The Royal Parks has been accused of having “lost the plot” after reacting to yesterday’s launch of trial electric scooter hire schemes by banning them from the green spaces it looks after – including Richmond Park, where campaigners have been urging for motor vehicles to be banned.
As our sister website eBikeTips reported yesterday, Transport for London (TfL) has announced that from next month, the capital will finally join a number of other cities around the country in trialling three electric scooter hire schemes.
But a spokeswoman for The Royal Parks insisted that “we do not permit – and we have no plans to permit – the use of e-scooters in the parks.”
Social media users subsequently pointed out what they see as the absurdity of banning electric scooters from the parks, while permitting motor vehicles.
What's going on here, @theroyalparks? How can you justify allowing cars but not e-scooters? Surely you'd ban the cars long before you'd ban escooters? Personally I prefer bicycles, but I'd much rather an e-scooter rider than a car driver on the Richmond Park R25 motorway.
— Fully Vaccinated CyclingMikey. 🇪🇺🇳🇱🇿🇼 (@MikeyCycling) May 18, 2021
In #RichmondPark Consultation majority wanted through traffic banned because noise, disturbance of nature reserve etc. Obviously majority didn’t know what they were voting for as council asks for extended consultation! 🙄 But @theroyalparks bans Escooters straight off 🤨 pic.twitter.com/j3NxxvUFL6
— KT2&Me (@kt2_me) May 18, 2021
A short play about UK road safety.
"Yeah, but somebody is killed or injured every 20 minutes on Britain's roads. What can we do about it?"
🙋"I know! I know!!
Let's restrict e-scooters to 12.5mph and ban them from parks."
— ButCyclists 🚴🏽♂️💨💨💨💨 (@but_cyclists) May 18, 2021
On the left: “unacceptable risk”; on the right: the status quo. The Royal Parks have lost the plot. pic.twitter.com/TMssfdor85
— The Department of Parks & Recreation 🦌 (@ldnparks) May 19, 2021
In common with trials underway in around 50 other locations around the country, the hire scooters, operated in London by Dott, Lime and Tier, will be covered by group third party motor insurance policies and will also carry identification numbers.
They are restricted to 12.5mph and can be ridden on the road and in parks, but not on footways, and many schemes are geofenced so that scooters cannot be ridden outside the designated trial area.
They will be available in a select group of boroughs – Ealing, Hammersmith and Fulham, Kensington and Chelsea, Richmond and the City of London – as well as in the Canary Wharf development, and can also be ridden through (but not hired or left in) Tower Hamlets.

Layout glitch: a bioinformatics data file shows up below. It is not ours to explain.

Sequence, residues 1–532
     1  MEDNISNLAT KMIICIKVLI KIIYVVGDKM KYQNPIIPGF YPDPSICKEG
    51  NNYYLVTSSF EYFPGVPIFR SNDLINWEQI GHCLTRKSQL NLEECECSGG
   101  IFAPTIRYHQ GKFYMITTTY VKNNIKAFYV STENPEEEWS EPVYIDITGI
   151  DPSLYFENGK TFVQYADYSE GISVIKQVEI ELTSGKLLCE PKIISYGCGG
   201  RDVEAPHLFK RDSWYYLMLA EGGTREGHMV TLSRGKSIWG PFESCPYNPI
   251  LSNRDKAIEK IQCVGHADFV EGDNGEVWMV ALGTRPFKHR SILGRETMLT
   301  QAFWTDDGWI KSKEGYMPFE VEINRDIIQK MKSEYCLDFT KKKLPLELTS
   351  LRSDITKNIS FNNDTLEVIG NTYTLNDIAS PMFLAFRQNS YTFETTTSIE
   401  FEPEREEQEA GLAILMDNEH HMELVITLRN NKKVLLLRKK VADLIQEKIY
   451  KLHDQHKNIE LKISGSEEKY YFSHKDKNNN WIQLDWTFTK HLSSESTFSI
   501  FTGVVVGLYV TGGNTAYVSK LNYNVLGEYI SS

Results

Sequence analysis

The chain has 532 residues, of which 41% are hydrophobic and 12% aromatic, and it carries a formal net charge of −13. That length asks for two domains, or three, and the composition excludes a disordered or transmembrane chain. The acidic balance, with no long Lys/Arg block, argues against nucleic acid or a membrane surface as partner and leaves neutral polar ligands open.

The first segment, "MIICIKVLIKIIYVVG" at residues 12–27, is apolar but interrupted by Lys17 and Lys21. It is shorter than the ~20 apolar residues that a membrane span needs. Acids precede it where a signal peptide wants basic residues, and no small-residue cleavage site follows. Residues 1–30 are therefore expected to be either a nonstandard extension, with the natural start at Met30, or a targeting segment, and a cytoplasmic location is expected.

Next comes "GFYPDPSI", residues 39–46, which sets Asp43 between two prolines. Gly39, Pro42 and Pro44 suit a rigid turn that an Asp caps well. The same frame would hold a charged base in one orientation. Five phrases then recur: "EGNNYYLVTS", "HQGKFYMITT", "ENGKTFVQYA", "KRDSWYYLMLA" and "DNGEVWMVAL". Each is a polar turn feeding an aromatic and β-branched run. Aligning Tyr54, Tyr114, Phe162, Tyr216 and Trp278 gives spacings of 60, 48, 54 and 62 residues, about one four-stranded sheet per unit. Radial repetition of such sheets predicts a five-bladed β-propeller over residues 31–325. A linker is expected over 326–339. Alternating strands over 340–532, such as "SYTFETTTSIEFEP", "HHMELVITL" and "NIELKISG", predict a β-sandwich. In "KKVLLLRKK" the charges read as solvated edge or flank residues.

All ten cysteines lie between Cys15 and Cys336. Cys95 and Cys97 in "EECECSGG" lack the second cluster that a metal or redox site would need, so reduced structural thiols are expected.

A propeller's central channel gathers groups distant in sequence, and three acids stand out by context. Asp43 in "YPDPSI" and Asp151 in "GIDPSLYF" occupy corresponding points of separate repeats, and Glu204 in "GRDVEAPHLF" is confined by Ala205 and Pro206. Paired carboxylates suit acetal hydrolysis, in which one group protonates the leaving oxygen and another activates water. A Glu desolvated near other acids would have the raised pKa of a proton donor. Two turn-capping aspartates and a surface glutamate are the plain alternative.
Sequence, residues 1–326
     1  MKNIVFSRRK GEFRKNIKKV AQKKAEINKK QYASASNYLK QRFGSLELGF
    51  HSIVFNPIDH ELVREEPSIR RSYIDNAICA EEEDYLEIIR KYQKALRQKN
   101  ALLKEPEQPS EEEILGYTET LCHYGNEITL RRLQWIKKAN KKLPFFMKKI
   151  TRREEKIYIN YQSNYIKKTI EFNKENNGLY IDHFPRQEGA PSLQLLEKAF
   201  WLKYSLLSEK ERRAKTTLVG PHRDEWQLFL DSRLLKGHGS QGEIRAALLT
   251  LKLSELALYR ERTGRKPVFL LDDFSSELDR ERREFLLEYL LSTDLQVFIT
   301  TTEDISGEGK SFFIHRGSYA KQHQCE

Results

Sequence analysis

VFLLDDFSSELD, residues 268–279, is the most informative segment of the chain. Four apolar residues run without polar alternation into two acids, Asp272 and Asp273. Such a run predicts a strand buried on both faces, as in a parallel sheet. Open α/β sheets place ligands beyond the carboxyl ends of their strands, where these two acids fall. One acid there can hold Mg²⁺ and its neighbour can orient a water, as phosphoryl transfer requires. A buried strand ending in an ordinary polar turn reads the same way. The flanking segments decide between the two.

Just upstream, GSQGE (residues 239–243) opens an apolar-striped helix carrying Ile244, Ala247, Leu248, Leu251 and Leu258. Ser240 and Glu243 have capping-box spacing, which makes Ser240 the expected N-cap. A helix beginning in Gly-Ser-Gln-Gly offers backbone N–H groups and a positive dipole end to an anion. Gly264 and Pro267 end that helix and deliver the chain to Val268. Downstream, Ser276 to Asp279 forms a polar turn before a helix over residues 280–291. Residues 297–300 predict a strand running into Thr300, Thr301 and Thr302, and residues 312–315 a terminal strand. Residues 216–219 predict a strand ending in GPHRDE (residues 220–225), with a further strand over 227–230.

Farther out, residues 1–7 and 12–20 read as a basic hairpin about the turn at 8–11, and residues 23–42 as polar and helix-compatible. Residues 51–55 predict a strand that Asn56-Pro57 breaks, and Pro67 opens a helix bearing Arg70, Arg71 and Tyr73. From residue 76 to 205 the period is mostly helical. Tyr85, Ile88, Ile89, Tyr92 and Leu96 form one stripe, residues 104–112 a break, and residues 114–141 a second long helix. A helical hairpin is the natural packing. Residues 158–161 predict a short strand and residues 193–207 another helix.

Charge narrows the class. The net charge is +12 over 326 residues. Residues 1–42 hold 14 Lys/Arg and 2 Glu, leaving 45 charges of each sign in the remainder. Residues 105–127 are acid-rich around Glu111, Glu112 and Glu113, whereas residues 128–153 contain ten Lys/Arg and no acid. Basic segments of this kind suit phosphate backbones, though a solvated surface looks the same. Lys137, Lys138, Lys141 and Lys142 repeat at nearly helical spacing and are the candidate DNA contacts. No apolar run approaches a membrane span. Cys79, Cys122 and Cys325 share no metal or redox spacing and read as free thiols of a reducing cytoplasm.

Other boroughs have also expressed an interest in participating. But The Royal Parks – which is responsible parks including Kensington Gardens, part of which lies in the Royal Borough of Kensington & Chelsea, plus Richmond Park and Bushy Park, both of which are in Richmond upon Thames, has made it clear that scooters hired under the pilot scheme are not welcome on its roads.
A spokeswoman for The Royal Parks said: “The parks and other open spaces we care for are principally places for quiet recreation and where pedestrians have priority.
“It is important that all our visitors feel safe in the parks and we believe that the speed and stealth of e-scooters will have a negative impact on people’s experience of the parks, particularly those with young families, with mobility challenges or with a visual or hearing impairment.
“Allowing e-scooters to operate in the parks could discourage those who wish to walk to and through the parks and undermine the ambience of the green spaces.
“We will watch the London trial with interest, but we do not permit – and we have no plans to permit – the use of e-scooters in the parks,” she added.
Earlier this year, The Royal Parks extended by 12 months its Movement Strategy following a consultation period that closed in January and saw massive support for banning through traffic (unlike the other Royal Parks, roads within Regent’s Park are the responsibility of a separate body the Crown Estate Paving Commission).
Under current road traffic law, outside the trials currently taking place, e-scooters are banned from UK roads, and police have been known to seize privately-owned ones being ridden illegally on the highway, with riders subject to a fine of up to £300.
Simon joined road.cc as news editor in 2009 and is now the site’s community editor, acting as a link between the team producing the content and our readers. A law and languages graduate, published translator and former retail analyst, he has reported on issues as diverse as cycling-related court cases, anti-doping investigations, the latest developments in the bike industry and the sport’s biggest races. Now back in London full-time after 15 years living in Oxford and Cambridge, he loves cycling along the Thames but misses having his former riding buddy, Elodie the miniature schnauzer, in the basket in front of him.